Turns Out Air Pollution Can Even Reach... Your Placenta?!

Sep 17, 2018 at 1:08 p.m. ET
pregnant woman and son coughing air pollution
Image: Metamorworks/Getty Images.

Most pregnant people will do anything they can to ensure their unborn child's health, right? They exercise, they avoid hot dogs and sushi, they take vitamins, and they replace margaritas with matcha (in moderation). But one thing expectant parents have little control over? The air they breathe. And — you guessed it — this may be cause for concern according to a new study.

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In fact, researchers for the European Lung Foundation, which conducted the study, found that air pollution has the ability to pass through a pregnant person's lungs and into the placenta.

Of course, according to Dr. Lisa Miyashita, one of the study's authors, the effects of air pollution on fetal development have been known for some time. "We've known for a while that air pollution affects [fetal] development and can continue to affect babies after birth and throughout their lives." However, what Miyashita and fellow researcher Dr. Norrice Liu wanted to find out was "if these effects could be due to pollution particles moving from the mother's lungs to the placenta."

"Until now, there has been very little evidence that inhaled particles get into the blood from the lung," Miyashita said in a statement.

But this study changed all that. In fact, it provided evidence that inhaled pollution particles can indeed move from the lungs into the placenta.

It's worth noting that the study was very small in scale. Researchers worked with only five healthy pregnant women, all from London. After delivery, researchers analyzed the placentas of these women and, using an optical microscope, they found 72 dark particles among 3,500 cells, which researchers determined to be carbon particles.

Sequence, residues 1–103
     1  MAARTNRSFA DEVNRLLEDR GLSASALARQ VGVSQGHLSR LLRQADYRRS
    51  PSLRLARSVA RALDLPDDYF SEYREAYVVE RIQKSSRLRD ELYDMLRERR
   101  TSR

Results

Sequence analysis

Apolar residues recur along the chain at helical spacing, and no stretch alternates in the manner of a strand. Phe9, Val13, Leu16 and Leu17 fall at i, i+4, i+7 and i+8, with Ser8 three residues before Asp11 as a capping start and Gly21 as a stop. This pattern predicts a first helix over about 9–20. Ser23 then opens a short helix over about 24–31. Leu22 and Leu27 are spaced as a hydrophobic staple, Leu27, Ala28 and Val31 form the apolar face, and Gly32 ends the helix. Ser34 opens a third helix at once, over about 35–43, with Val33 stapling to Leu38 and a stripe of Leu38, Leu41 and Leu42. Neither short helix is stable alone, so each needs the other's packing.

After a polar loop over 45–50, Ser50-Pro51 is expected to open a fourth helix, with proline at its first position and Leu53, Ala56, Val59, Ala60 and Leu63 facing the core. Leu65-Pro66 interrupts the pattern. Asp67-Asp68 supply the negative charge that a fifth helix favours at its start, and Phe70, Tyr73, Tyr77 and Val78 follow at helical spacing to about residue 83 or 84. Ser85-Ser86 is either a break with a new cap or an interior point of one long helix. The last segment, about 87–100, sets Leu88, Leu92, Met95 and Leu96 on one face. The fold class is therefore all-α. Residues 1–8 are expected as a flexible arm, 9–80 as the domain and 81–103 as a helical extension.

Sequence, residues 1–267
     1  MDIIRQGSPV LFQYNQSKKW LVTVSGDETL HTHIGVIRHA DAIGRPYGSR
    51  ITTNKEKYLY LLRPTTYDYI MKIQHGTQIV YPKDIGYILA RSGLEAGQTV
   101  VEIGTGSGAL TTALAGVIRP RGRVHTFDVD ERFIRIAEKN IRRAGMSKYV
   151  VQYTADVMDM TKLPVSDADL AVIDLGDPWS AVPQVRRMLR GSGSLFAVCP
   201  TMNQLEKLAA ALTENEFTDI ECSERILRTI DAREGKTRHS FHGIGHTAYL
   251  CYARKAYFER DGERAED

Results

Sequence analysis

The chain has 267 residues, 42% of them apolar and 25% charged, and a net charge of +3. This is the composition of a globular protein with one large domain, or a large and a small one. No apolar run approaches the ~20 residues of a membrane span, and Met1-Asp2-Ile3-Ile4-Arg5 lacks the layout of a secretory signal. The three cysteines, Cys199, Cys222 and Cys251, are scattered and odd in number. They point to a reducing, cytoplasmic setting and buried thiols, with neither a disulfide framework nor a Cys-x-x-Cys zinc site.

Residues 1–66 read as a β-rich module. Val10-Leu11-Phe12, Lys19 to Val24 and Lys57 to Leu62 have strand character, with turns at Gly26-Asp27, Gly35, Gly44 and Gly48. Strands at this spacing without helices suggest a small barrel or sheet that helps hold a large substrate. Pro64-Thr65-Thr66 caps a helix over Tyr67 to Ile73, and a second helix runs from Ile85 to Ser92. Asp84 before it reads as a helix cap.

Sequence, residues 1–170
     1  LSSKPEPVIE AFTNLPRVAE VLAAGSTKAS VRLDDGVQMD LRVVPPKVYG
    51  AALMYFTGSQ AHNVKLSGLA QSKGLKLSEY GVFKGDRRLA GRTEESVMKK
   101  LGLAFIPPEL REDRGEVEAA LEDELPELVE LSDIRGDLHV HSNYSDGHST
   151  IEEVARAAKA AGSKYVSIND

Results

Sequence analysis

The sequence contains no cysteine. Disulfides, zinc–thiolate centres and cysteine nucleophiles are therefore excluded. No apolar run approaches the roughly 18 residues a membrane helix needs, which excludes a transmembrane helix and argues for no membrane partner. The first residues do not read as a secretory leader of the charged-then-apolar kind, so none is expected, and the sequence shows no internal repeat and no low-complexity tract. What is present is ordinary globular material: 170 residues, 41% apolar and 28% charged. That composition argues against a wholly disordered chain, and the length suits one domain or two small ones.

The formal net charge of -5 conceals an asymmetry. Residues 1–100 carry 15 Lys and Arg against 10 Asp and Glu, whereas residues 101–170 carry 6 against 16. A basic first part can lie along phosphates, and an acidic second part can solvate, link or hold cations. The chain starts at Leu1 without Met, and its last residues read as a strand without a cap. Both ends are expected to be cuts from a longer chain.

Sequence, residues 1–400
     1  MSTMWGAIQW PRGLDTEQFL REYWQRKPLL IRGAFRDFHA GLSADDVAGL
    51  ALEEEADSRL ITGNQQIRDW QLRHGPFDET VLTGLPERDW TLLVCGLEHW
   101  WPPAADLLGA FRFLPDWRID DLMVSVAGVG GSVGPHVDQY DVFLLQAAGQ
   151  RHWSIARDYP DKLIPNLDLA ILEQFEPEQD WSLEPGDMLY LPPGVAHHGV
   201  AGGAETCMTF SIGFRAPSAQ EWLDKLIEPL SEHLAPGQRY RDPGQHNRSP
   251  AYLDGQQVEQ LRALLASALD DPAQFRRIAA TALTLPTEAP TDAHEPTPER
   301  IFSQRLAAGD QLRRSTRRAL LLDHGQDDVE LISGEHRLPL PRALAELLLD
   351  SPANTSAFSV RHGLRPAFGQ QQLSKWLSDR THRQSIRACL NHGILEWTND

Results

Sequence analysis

Of course, that may not sound like much — 72 in 3,500 — however, these particles should not be present in the placenta at all. At all. And according to the researchers, the presence of these particles proves environmental contaminants can absolutely affect a mothers' pregnancy.

"It is very evident to us they are black sooty particles," explained Miyashita.

That said, it is still unclear whether these particles can then pass from the placenta to the fetus. "We do not know whether the particles we found could also move across into the [fetus], but our evidence suggests that this is indeed possible. We also know that the particles do not need to get into the baby's body to have an adverse effect, because if they have an effect on the placenta, this will have a direct impact" on the fetus.

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So how can we deal with this? Professor Mina Gaga, president of the European Respiratory Society and medical director and head of the respiratory department of Athens Chest Hospital in Greece, advises implementing stricter policies — now. "We need stricter policies for cleaner air to reduce the impact of pollution on health worldwide because we are already seeing a new population of young adults with health issues."

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